Jul
17

Say Cheese! Cheddar May Benefit Your Smile

Posted in Fillings

One recent study strongly suggests that cheese could be an anti-cavity super food.

This study compared the effects of different dairy products on the pH levels inside of the human mouth. Some study participants drank milk, others ate yogurt, and the rest ate cheese.

Study Results

Each person ate their assigned snack for three minutes and then rinsed with water. pH readings were taken at 10, 20, and 30-minute intervals after eating. While the milk and yogurt didn’t make the mouth more acidic, the cheese caused pH levels to spike.

High pH levels means a more alkaline environment. This is good news for your teeth, since acid is responsible for wearing down enamel. A basic food item like cheese helps to neutralize acids that your mouth does encounter.

Other Benefits of Cheese

Cheese is a great source of calcium and casein. These elements show evidence of preventing the formation of plaque and reinforcing enamel.

Finally, there’s nothing like a tangy piece of sharp cheddar to get the saliva glands flowing. Saliva is your body’s natural way of neutralizing acid. It also washes away bacteria and food debris.

Snacking on cheese makes more spit, and that’s a good thing!

None of this is to say that chewing cheese will take the place of brushing! Maintaining a routine of good oral hygiene is still the best way you can prevent cavities and avoid dental fillings.

It’s just nice to know that one of America’s favorite foods is now on your dentist’s list of smile-friendly snack recommendations. Even if you melt some cheddar in pasta or rice, you’ll still get great benefits.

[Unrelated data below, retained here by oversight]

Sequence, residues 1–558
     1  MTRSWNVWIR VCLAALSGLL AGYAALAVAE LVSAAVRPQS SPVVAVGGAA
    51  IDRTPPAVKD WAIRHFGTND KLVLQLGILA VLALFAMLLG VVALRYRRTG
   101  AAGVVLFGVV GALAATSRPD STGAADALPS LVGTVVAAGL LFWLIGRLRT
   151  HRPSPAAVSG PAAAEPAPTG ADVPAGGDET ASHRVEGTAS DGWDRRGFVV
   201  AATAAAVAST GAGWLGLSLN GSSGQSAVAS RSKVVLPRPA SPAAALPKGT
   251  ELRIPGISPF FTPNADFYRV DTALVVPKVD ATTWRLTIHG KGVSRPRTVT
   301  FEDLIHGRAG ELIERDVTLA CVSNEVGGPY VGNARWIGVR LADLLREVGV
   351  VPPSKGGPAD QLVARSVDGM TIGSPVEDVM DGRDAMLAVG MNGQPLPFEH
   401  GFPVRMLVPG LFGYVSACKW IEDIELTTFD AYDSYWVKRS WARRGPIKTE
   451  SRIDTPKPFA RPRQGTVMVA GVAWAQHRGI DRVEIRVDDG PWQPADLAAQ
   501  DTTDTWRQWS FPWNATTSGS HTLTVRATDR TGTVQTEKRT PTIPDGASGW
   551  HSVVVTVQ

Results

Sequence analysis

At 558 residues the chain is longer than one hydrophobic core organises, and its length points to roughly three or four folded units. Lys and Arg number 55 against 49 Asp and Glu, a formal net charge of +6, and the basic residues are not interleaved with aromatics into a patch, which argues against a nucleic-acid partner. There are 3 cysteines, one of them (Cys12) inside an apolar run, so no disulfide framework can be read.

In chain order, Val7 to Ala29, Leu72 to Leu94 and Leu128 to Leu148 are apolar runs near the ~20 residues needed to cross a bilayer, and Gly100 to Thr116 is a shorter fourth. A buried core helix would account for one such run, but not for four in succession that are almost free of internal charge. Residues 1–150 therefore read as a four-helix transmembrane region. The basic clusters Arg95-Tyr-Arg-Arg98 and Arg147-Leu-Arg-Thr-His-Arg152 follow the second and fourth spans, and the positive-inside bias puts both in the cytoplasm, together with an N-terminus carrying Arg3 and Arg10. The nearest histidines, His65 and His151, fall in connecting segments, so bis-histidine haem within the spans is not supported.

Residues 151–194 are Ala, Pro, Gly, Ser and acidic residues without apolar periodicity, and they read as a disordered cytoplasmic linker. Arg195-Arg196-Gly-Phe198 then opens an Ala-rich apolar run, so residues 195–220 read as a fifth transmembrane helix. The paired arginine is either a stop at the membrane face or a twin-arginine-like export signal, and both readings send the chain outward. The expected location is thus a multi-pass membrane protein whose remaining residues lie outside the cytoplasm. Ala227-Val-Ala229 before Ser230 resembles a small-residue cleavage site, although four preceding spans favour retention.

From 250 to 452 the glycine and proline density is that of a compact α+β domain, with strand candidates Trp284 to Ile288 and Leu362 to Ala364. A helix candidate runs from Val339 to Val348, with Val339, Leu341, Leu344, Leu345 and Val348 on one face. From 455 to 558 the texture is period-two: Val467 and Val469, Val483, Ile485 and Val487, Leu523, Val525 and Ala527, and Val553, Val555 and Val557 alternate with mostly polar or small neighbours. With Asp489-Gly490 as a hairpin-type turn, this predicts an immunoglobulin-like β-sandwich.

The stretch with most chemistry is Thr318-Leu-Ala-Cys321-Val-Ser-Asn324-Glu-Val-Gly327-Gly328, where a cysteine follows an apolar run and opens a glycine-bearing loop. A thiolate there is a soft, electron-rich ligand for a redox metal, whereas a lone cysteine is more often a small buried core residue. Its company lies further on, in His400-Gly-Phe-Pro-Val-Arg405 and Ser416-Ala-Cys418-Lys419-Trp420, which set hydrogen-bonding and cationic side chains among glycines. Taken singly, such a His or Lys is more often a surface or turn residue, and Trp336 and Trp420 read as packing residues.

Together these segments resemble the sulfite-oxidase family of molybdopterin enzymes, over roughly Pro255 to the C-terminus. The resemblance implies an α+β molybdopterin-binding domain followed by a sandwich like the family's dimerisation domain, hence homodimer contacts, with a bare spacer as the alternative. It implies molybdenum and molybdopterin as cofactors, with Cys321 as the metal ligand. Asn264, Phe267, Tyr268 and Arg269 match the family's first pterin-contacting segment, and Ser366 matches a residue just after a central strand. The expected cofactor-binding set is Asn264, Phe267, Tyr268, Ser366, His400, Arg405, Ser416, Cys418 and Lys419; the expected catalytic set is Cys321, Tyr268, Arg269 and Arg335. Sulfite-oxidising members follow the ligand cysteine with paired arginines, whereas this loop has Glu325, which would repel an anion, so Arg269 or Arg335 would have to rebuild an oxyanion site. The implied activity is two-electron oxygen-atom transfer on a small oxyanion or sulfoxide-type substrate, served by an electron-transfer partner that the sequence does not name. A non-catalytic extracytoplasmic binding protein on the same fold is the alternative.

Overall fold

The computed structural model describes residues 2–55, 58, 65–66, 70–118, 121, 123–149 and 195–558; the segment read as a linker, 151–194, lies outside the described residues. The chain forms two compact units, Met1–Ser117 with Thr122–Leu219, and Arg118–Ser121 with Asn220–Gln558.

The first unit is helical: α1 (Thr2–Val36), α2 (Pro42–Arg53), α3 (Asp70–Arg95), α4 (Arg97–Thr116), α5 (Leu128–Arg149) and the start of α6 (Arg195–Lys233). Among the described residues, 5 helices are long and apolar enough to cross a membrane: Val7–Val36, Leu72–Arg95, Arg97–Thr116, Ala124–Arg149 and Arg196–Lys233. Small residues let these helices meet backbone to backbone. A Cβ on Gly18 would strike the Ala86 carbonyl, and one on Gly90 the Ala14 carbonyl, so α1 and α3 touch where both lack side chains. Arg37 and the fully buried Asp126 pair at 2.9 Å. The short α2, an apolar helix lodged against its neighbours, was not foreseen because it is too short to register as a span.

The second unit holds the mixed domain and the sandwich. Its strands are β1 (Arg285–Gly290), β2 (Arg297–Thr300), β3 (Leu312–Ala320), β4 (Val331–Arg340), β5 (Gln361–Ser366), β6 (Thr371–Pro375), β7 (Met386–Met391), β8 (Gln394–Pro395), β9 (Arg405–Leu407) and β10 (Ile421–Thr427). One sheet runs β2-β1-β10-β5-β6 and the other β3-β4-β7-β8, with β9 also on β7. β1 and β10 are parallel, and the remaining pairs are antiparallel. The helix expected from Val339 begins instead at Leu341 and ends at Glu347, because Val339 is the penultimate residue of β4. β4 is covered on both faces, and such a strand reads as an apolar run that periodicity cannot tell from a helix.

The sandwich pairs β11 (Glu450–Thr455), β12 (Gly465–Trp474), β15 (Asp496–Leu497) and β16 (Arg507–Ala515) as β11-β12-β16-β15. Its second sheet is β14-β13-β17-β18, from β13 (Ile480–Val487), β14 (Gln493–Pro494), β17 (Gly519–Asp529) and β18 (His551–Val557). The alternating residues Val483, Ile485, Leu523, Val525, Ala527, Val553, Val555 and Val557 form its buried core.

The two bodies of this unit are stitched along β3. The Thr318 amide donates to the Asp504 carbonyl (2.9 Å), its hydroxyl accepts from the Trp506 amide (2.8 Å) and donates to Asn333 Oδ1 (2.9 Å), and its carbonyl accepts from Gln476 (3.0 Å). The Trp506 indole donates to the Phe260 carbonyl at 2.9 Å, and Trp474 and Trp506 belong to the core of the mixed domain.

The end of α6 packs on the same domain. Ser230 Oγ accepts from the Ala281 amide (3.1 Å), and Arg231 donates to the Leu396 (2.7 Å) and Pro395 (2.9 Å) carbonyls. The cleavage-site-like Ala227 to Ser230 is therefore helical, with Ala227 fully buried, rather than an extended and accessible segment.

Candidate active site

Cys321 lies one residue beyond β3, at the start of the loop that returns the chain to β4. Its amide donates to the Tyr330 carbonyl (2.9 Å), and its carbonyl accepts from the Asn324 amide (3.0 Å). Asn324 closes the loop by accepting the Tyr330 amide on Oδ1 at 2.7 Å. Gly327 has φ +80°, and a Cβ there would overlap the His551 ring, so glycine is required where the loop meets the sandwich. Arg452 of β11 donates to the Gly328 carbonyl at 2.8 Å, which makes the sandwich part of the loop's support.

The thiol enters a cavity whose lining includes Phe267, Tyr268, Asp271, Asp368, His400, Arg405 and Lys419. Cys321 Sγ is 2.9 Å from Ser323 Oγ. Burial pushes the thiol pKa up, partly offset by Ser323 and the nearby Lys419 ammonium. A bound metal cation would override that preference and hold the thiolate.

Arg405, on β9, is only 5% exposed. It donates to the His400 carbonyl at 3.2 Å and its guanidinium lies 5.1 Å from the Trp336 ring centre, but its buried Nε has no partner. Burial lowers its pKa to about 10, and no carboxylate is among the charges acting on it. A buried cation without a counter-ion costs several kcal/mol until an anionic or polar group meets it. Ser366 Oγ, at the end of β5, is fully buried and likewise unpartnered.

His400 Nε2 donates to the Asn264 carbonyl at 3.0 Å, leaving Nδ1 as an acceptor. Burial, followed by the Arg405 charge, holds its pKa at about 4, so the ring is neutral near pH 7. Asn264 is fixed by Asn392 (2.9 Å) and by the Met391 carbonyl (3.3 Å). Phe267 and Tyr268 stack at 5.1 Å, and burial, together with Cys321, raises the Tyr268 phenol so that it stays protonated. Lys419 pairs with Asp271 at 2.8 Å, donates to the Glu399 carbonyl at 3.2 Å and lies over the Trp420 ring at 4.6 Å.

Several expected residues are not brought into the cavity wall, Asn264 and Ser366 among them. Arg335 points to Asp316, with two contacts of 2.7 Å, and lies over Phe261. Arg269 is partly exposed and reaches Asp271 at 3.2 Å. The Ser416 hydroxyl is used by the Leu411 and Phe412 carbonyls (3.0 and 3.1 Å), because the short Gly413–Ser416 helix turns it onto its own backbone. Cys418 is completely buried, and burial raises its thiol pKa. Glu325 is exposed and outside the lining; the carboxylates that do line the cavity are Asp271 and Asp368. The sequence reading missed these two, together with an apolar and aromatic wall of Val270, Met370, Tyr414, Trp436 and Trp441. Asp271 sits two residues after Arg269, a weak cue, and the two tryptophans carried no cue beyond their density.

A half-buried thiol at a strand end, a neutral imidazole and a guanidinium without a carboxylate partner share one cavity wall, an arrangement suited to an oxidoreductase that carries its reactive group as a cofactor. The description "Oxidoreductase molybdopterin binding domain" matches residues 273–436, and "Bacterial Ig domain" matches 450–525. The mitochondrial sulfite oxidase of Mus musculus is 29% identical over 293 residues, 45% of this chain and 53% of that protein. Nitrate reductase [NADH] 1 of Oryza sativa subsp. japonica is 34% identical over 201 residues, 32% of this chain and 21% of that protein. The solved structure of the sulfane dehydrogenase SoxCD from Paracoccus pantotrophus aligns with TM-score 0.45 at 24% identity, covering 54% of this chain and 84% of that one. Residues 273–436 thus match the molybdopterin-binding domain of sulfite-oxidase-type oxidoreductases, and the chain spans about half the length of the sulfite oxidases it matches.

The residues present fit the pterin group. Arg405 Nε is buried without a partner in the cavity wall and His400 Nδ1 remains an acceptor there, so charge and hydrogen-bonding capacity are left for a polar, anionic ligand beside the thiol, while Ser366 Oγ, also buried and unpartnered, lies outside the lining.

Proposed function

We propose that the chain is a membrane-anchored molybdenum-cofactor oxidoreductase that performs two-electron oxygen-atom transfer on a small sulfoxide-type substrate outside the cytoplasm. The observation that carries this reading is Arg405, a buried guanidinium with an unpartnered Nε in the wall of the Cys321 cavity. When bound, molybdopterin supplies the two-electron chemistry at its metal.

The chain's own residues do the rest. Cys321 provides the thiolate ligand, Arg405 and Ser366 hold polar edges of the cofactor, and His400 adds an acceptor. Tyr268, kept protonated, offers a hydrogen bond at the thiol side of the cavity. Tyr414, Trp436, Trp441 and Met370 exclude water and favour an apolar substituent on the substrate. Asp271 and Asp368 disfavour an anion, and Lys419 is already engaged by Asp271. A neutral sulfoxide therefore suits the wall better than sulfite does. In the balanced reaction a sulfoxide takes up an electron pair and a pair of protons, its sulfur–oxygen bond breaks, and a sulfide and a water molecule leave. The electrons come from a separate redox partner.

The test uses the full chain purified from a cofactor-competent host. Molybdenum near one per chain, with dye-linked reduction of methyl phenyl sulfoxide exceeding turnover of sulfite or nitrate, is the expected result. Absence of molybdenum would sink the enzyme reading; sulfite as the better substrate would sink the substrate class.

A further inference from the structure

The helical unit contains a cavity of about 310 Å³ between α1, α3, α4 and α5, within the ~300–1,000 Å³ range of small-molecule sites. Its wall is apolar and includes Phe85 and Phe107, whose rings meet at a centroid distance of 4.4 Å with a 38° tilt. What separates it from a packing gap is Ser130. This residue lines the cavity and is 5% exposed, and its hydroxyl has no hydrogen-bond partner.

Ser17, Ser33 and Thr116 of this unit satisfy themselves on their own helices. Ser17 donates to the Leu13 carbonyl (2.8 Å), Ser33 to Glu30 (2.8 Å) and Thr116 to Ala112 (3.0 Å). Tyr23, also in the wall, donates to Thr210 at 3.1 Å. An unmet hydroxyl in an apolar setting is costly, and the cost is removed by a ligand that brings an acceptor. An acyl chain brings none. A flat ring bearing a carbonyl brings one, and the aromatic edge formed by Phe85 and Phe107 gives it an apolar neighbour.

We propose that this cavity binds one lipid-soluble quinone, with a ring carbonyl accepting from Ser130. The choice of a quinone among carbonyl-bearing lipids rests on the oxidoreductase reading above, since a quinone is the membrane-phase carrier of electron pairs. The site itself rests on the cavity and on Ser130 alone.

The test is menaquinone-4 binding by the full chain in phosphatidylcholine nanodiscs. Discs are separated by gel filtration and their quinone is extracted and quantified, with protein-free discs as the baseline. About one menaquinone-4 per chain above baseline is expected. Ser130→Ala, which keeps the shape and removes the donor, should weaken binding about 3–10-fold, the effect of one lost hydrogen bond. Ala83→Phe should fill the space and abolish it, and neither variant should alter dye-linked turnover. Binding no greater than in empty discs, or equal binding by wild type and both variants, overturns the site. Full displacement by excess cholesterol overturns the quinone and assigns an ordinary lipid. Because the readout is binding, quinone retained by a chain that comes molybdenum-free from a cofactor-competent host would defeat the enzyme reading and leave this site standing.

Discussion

You’ve got a great reason to smile when you say “Cheese!”

Posted on behalf of:
Park Slope Dental Arts
506 3rd St
Brooklyn, NY 11215
(718) 962-0300

May
25

How Much Time Do You Spend on Your Oral Hygiene Routine?

Good oral hygiene between routine dental exams and cleanings will help your teeth and gums stay healthy.  It’s actually not enough to just scrub a brush in some toothpaste bubbles for a few seconds. You need to invest a little more time in your routine to get the full benefit.

Is Your Brushing Worth Your Time?

Dentists generally agree that you should be brushing a solid two minutes to get any real benefit from the activity.

Dental plaque is made up of bacteria that coat themselves in a protective slime layer. This means that they can’t be killed off with toothpaste or mouthwash the way hand sanitizer kills germs on our hands.

It takes a little time to physically displace these germs which cause bad breath, gum disease, and cavities. A toothbrush is your best tool for removing the majority of bacteria.

When brushing, make sure you hit all the important areas:

  • Chewing surfaces
  • Inner gum line
  • Outer gum line
  • Backs of the last teeth in each arch

It takes a little time to make sure your brush is accessing all of these areas for a thorough plaque removal!

That’s Not All, Folks . . .

If your dentist recommends that you use a mouthwash, make sure you do that the right way, too. A strong fluoride rinse usually needs one minute to deliver the most benefit to your teeth. A lot of anti-plaque rinses require a solid 30-second swish.

Don’t forget the flossing! At least once a day make sure you run something between your teeth where a brush can’t reach. The time needed for this will vary from person-to-person, so check with your dentist about the routine that’s right for you.

Posted on behalf of:
Pleasant Plains Dental
5850 W Hwy 74 #135
Indian Trail, NC 28079
(704) 815-5513

Nov
26

How Does Your Oral Hygiene Rate?

Like many others, you may feel that oral hygiene is a personal issue. However, it gets more personal than you might realize: the health of your mouth affects the health of your body. So beyond the benefit of having a visually-appealing smile, a good routine of dental hygiene can have a major impact on your overall wellbeing.